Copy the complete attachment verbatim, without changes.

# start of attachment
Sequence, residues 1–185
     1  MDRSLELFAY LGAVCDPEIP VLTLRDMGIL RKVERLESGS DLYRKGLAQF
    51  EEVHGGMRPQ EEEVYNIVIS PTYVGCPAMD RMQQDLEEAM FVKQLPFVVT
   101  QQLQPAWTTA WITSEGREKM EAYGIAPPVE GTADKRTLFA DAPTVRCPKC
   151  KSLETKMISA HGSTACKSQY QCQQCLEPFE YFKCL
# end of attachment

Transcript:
Sequence, residues 1–185
     1  MDRSLELFAY LGAVCDPEIP VLTLRDMGIL RKVERLESGS DLYRKGLAQF
    51  EEVHGGMRPQ EEEVYNIVIS PTYVGCPAMD RMQQDLEEAM FVKQLPFVVT
   101  QQLQPAWTTA WITSEGREKM EAYGIAPPVE GTADKRTLFA DAPTVRCPKC
   151  KSLETKMISA HGSTACKSQY QCQQCLEPFE YFKCL